Edgewater is moving closer to becoming the gateway to one of the largest single pieces of real estate in Florida.

After nearly a decade of facing court challenges and clearing monumental regulatory hurdles, the northern gateway to the 94-square-mile Farmton property is ready for development.

“It took more than seven years,” said Farmton LLC attorney Glenn Storch. “It seemed to take forever.”

And that was just to get the legal right to develop and conserve Farmton’s 59,000 acres as a single project instead of selling the land off for 3,700 individual “ranchettes” as advocated by critics in an unsuccessful court challenge.

Addressing state, county and city regulators and government officials attending a “pre-application” for development conference Jan. 26 at Edgewater City Hall,  Mr. Storch praised supporters of  Farmton’s efforts to conserve the majority of the land for posterity.            

In partnership with Volusia and Brevard counties, Miami Corp., which owns and manages the land, created the Farmton Local Plan, described as an innovative 50-year vision for the future to place nearly 80 percent of its 44,000 acres into conservation, including a critical regional wildlife corridor and environmentally significant habitat, according to Mr. Storch.

Initially, the Miami Corp. balked at efforts by critics to limit the development of the massive property to unregulated 5, 10, 20 or 25-acre "ranchette" subdivisions.

A years-long court challenge ended in Miami Corp.’s favor.

“If the property had been divided into ranchettes, it would have been fragmented forever,” Mr. Storch told those attending the Edgewater conference. “We were concerned with that possibility and Miami Corp., acted to do the hard thing and preserve the undeveloped property for the future.”

The Farmton plan has been recognized nationally as a model for large-scale and long-range planning efforts, by protecting the environment by preserving natural habitat while creating a sustainable community that provides residential areas, commercial space,  jobs and recreation.

Most of the Farmton acreage available for development can’t be touched until 2026, Mr. Storch pointed out.

However, limited areas that have been eligible for development since 2017, including 880 acres in Edgewater west of Interstate 95 and south of the Indian River Boulevard Extension.

On that property, Farmton plans to construct Deering Park Center, an environment-friendly, master-planned community, which will serve as the northern gateway to the company’s  vast property holdings that extend south to Maytown Road in Volusia County and beyond into northern Brevard County.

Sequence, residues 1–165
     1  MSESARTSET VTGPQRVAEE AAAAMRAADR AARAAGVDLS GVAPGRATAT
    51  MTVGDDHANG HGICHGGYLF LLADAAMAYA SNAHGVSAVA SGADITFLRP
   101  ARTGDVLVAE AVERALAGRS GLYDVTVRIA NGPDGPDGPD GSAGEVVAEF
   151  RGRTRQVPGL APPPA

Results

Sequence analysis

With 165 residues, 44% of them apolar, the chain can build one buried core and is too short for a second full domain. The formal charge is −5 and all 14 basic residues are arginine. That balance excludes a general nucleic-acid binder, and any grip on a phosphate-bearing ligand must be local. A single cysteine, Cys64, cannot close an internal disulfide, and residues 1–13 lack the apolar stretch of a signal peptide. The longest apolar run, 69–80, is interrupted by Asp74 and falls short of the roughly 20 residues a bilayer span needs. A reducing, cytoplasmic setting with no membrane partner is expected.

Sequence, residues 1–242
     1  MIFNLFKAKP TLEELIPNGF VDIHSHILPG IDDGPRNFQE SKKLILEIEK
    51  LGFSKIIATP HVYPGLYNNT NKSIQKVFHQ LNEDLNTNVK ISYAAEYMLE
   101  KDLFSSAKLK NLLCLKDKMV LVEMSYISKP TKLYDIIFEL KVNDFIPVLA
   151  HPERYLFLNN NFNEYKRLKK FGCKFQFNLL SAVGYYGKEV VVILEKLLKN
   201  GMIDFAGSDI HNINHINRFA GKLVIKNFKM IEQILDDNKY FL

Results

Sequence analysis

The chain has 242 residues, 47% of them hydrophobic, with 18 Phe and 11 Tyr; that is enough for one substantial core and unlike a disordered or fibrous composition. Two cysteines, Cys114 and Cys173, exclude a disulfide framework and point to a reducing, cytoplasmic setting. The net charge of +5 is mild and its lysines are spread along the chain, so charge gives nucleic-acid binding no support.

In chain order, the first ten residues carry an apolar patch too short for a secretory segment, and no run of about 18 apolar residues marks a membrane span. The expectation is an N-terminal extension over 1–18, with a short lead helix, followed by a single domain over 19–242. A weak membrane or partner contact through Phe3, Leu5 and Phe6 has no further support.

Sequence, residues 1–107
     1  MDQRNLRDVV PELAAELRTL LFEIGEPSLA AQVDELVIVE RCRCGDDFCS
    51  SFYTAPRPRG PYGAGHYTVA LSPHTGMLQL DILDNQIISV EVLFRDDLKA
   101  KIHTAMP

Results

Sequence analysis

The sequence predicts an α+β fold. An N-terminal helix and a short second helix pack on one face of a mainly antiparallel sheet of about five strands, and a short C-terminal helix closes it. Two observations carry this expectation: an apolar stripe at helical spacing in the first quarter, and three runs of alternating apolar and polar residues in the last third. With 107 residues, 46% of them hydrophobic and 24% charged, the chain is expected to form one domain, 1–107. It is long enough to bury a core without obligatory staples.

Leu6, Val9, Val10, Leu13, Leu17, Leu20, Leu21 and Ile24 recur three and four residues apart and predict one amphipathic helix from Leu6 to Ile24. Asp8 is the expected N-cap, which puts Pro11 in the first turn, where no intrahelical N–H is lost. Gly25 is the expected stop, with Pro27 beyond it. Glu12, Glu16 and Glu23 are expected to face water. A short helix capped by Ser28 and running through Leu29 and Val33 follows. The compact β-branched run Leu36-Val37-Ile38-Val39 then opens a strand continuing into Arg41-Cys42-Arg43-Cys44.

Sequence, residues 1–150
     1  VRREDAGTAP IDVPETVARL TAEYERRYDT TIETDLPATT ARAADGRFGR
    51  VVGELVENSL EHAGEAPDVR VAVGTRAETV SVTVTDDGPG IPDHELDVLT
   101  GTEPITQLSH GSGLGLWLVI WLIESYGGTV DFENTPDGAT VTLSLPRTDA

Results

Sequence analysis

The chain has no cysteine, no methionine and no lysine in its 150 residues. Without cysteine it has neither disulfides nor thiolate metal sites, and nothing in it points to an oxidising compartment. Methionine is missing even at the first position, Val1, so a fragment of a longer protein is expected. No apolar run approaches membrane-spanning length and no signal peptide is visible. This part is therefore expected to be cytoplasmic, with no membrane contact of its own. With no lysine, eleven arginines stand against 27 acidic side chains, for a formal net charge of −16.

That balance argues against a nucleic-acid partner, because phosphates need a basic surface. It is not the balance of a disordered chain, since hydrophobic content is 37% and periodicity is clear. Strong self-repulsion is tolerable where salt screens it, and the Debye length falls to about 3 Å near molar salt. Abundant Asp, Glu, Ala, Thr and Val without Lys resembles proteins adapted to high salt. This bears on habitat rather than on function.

Although Deering Park Center is permitted for up to 4,692 dwelling units, Mr. Storch said only about 600 will be built in the first stage, with 820,000 square feet set aside for nonresidential use, such as shopping centers, public facilities and a school. The planned development property has already been annexed into Edgewater.

Because of the number of agencies and governments involved in planning and implementing the nitty-gritty details of turning the Deering Park Center property into a showcase development, the Edgewater conference was conducted to update regulatory officials how plans for the property would be implemented.

The keywords stressed at the meeting were “incrementally” and "segmented." Development will occur as needed, in phases, but not on any particular timetable.

Attending the conference were Edgewater and Volusia County officials, school board representatives, engineering firms, environmental service engineers and officials, regional planning agencies, and state and Brevard County representatives.

“By the large number of you represented here today, you can tell how important the Farmton project is to so many people and governments across the area,” Mr. Storch said. “We are working together to make this important project possible.”

Critical to providing access to the Farmton gateway property will be a 3,000-foot extension of Indian River Boulevard west of I-95.  Construction of the four-lane road by the City of Edgewater would open access to Farmton and other properties and stimulate development in the area.

City officials said the project is scheduled for construction bidding.

Eventually, a major four-lane road will be necessary to move traffic south to the  Maytown Road.

While planning an I-95/Maytown Road interchange has been ongoing for about a decade, Mr. Storch told the Edgewater City Council it could be another 10 years before that construction begins.

Mr. Storch said Miami Corp. has agreed to pay for the interchange.

Also in the long-term planning stages is a multi-lane widening of Maytown Road from I-95 to Osteen, turning the route into, what one report called, a “scenic conservation" parkway.

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